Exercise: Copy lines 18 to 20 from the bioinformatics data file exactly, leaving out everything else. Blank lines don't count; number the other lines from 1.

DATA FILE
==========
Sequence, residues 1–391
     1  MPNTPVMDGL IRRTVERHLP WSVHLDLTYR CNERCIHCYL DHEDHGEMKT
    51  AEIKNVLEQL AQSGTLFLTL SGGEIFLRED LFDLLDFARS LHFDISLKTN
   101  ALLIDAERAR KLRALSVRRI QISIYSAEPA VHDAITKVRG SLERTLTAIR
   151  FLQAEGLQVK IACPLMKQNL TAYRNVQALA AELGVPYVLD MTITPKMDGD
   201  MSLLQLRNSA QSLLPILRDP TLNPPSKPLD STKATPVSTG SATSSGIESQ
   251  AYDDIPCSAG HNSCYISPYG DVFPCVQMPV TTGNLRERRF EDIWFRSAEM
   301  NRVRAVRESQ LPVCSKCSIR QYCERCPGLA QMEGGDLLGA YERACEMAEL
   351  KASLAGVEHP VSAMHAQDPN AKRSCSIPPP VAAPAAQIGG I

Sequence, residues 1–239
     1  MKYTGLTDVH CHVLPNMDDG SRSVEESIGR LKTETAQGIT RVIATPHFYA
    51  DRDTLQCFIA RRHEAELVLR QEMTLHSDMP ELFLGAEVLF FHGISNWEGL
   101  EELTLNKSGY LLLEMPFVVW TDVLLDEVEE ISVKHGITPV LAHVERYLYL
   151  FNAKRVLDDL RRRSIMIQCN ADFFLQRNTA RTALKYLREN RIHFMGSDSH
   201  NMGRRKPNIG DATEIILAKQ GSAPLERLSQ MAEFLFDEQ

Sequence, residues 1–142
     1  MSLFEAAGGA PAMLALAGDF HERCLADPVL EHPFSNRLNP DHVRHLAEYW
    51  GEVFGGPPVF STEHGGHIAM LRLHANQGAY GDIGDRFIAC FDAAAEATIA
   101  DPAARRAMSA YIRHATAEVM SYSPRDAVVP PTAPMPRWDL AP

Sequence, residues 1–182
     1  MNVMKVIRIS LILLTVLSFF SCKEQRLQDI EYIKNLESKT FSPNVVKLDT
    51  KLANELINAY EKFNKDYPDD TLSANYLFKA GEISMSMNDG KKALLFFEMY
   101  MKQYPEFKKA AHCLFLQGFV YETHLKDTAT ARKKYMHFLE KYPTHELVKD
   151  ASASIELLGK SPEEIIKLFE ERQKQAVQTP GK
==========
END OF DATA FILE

    51  GEVFGGPPVF STEHGGHIAM LRLHANQGAY GDIGDRFIAC FDAAAEATIA
   101  DPAARRAMSA YIRHATAEVM SYSPRDAVVP PTAPMPRWDL AP

Sequence, residues 1–182